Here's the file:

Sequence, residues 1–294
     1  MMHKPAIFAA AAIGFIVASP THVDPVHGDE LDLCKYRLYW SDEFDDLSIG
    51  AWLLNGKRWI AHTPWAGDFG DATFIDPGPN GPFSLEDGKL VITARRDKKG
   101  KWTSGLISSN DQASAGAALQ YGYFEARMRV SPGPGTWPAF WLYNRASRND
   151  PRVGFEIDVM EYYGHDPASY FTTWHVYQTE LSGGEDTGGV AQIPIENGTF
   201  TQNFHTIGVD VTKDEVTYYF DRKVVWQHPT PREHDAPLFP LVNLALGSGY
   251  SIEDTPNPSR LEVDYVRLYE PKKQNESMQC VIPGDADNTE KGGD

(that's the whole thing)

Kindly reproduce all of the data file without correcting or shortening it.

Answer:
Sequence, residues 1–294
     1  MMHKPAIFAA AAIGFIVASP THVDPVHGDE LDLCKYRLYW SDEFDDLSIG
    51  AWLLNGKRWI AHTPWAGDFG DATFIDPGPN GPFSLEDGKL VITARRDKKG
   101  KWTSGLISSN DQASAGAALQ YGYFEARMRV SPGPGTWPAF WLYNRASRND
   151  PRVGFEIDVM EYYGHDPASY FTTWHVYQTE LSGGEDTGGV AQIPIENGTF
   201  TQNFHTIGVD VTKDEVTYYF DRKVVWQHPT PREHDAPLFP LVNLALGSGY
   251  SIEDTPNPSR LEVDYVRLYE PKKQNESMQC VIPGDADNTE KGGD